By Cheryl Pellerin, American Forces Press Service
Iraqi Prime Minister, Nouri al-Maliki talks to U.S. Vice President Joe Biden after giving his speech during the Government of Iraq Day of Commitment Ceremony in the Al Faw Palace at Victory Base Complex, Iraq, Dec. 1, 2011. Ambassador to Iraq, James F. Jeffrey is on the left and Iraqi President Jalal Talabani is on the right. The ceremony commemorated the sacrifices and accomplishments of U.S. and Iraqi service members. (U.S. Air Force photo/Master Sgt. Cecilio Ricardo)
WASHINGTON (November 30, 2011) — The United States and Iraq are beginning a new phase of a partnership that reflects Iraq’s needs and includes a robust security relationship, Vice President Joe Biden said today in Baghdad.
He and Iraq Prime Minister Nouri al-Maliki delivered remarks before and after today’s meeting of the U.S.-Iraq Higher Coordinating Committee, which issued a joint statement on the nations’ historic opportunity to build a relationship through security, trade, education and culture, law enforcement, environment and energy.
The committee is part of the Strategic Framework Agreement, signed in 2008 to affirm both nations’ desire to establish long-term bonds of cooperation and friendship.
“We are embarking on a new path together, a new phase in this relationship,” Biden said. “That partnership includes a robust security relationship based on what you decide – what you decide – you think that relationship should be.”
The vice president added, “We will continue our discussions with your government over the substance of our security arrangements, including areas of training, intelligence and counterterrorism.”
The meeting was held in a large room at the governmental palace. Biden and al-Maliki sat next to each other at the head of a long, rectangular conference table, joined by 20 members of the Iraqi delegation and 15 members of the U.S. delegation.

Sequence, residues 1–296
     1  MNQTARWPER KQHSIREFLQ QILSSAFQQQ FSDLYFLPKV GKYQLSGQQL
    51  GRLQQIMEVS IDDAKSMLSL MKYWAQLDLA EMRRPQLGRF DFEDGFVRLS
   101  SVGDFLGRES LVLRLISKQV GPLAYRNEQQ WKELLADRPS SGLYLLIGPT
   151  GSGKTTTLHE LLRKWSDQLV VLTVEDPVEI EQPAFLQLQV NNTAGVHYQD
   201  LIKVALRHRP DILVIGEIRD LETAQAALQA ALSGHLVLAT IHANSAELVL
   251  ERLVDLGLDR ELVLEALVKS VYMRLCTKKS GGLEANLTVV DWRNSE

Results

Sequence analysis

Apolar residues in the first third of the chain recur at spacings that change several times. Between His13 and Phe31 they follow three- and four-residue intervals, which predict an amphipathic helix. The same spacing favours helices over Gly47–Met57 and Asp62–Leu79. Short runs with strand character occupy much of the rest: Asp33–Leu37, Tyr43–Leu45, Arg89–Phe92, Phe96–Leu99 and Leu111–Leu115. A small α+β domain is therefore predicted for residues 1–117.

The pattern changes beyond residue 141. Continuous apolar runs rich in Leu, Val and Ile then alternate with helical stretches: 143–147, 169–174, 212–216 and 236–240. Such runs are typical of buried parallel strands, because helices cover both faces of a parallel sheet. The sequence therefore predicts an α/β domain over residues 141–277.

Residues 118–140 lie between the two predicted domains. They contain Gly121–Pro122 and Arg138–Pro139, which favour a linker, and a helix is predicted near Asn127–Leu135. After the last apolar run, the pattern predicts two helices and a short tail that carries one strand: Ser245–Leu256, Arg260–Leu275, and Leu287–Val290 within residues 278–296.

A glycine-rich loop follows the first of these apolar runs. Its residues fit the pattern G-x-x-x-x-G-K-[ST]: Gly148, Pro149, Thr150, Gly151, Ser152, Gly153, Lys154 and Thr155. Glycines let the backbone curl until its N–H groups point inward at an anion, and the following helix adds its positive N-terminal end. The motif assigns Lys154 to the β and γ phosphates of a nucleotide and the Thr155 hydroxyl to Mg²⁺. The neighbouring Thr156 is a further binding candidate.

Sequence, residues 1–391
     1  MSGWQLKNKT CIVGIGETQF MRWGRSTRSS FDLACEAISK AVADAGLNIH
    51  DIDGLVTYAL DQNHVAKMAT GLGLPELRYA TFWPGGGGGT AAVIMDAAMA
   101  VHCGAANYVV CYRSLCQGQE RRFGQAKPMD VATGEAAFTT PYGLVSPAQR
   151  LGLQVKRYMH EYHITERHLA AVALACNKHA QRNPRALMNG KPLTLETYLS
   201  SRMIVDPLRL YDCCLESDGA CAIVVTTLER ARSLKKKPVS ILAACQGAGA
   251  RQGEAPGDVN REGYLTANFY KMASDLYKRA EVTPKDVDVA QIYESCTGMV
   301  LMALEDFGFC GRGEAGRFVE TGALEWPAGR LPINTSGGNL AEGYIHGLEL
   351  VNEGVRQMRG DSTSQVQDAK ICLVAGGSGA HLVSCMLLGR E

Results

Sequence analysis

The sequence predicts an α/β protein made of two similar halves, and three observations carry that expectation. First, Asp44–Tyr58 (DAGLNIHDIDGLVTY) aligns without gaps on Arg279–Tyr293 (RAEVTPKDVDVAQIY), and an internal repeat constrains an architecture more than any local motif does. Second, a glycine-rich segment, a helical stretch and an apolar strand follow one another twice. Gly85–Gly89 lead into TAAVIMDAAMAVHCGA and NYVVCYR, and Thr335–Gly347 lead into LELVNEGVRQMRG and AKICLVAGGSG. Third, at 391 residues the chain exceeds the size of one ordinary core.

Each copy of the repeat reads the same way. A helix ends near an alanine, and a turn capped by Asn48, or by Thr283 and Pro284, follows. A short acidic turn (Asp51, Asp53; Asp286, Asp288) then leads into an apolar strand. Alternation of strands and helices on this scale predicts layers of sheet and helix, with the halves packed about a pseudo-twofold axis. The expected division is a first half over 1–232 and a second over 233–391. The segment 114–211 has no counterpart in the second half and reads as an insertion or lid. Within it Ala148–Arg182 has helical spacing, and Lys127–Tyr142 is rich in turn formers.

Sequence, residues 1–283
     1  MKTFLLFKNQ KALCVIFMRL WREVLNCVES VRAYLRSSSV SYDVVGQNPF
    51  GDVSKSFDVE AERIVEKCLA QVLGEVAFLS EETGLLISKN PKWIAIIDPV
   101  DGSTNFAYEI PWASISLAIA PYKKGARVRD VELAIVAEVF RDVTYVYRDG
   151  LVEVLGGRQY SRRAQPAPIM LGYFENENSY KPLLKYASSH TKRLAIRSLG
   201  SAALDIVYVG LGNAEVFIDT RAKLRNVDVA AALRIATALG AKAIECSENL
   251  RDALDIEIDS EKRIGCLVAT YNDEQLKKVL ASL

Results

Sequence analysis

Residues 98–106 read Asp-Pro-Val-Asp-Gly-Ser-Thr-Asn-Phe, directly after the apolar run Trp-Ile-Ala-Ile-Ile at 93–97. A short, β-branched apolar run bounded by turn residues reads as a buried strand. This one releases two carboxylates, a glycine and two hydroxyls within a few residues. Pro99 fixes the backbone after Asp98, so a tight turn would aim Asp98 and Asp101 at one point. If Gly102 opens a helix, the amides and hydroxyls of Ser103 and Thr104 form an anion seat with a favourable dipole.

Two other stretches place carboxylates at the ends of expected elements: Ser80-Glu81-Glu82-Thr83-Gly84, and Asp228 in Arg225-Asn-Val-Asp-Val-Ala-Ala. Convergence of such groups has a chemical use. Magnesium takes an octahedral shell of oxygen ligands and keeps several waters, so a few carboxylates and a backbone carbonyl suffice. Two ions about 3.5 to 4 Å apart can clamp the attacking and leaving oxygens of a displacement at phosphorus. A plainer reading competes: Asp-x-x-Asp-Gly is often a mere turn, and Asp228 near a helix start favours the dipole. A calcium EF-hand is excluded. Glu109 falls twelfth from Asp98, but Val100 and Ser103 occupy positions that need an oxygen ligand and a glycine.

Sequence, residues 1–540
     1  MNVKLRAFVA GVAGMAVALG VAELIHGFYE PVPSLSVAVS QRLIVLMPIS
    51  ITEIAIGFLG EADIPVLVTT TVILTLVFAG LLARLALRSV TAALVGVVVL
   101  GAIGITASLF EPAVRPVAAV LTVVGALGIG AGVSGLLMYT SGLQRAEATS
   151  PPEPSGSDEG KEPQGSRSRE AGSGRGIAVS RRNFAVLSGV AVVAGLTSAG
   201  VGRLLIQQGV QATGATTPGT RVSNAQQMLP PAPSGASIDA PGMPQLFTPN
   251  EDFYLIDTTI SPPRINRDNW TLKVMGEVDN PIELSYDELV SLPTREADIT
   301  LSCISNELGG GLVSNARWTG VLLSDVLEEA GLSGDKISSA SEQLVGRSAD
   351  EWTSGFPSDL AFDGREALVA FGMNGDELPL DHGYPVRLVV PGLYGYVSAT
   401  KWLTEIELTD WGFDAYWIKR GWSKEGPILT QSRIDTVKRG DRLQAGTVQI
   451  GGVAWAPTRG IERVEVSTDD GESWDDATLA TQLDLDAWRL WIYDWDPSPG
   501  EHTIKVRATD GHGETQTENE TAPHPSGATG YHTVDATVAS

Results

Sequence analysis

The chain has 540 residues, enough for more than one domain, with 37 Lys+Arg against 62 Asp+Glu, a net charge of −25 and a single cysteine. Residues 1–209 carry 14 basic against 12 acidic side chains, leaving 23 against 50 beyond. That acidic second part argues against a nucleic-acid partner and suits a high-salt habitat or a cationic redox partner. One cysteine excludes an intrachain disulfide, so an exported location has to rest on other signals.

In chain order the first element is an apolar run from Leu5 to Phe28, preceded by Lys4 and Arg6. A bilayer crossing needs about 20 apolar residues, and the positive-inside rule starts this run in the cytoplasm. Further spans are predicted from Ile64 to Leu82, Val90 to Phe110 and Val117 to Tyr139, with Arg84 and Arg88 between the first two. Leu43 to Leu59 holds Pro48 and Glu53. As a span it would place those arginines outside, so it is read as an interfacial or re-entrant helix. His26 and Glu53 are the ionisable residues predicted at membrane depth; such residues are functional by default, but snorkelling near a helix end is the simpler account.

The U.S. delegation included Army Gen. Lloyd J. Austin III, commanding general of U.S. Forces Iraq; Antony J. Blinken, Biden’s advisor for national security policy; Jeffrey D. Feltman, assistant secretary of state for near eastern affairs; and Deputy Energy Secretary Daniel Poneman.
“We’re going to start a new phase of friendship,” al-Maliki said after the meeting.
The U.S.-Iraq strategic framework “will establish a relationship based on mutual respect and bilateral interests,” he said, expressing his hope that Iraq can, “be a brother, a friend for other countries in this area.”
Biden noted that al-Maliki pushed for the coordinating committee to have a broader scope than security.
Today, the vice president said, the two delegations pledged to create a separate committee for coordinating security and defense cooperation.
The United States has completed nearly 1,800 projects in Iraq’s health sector valued at $800 million, including the renovation of 133 primary health centers, Biden said. The United States, he added, also has invested in Iraq’s transportation infrastructure, air-traffic-control network and railroads.
A lot of work remains to make such capacity building a success, Biden said.
Iraq’s development, he added, “will bring stability to the region. That is our sole interest in Iraq.”
The committee’s joint statement, issued after the meeting, addressed cooperation on a range of topics, including security and defense, politics and diplomacy, trade and finance, law enforcement, culture and education, technology and environment and transportation.
As part of the new phase of the relationship, U.S. military forces are drawing down, Biden noted. “There will still be security concerns, but we are confident your government is fully capable of handling those internal security concerns,” he said.
To bolster mutual trade and finance, the United States participated in the recent Baghdad International Trade Fair for the first time since 1988. The fair showcased 85 American businesses and organizations and built on the success of the 2009 Business and Investment Conference held in Washington.
The United States also supports the Iraqi government’s efforts in the financial sector by providing technical expertise needed to develop private banks and microfinance institutions.
U.S. assistance and professional support is helping develop and professionalize the Iraqi corrections system through judicial training programs for Iraqis through the Judicial Development Institute.
Through the Police Development Program, the United States will continue providing advisory and technical assistance to the Iraqi police, including an exchange program that will bring groups of Iraqi police here for leadership development over the next three years.
While in Iraq, Biden also plans to meet with President Jalal Talabani, Speaker Osama al-Nujaifi and other Iraqi political leaders, and to offer remarks at an event to commemorate the sacrifices and accomplishments of U.S. and Iraqi troops.
The visit, Biden’s eighth as vice president, comes as U.S. forces are completing their drawdown in Iraq. All U.S. troops are slated to leave by Dec. 31, in accordance with the 2008 security agreement between the United States and Iraq.
Rather than leaving Iraq, “the United States is going to deepen our engagement with you,” the vice president said, adding that he looks forward to al-Maliki’s visit to Washington in mid-December.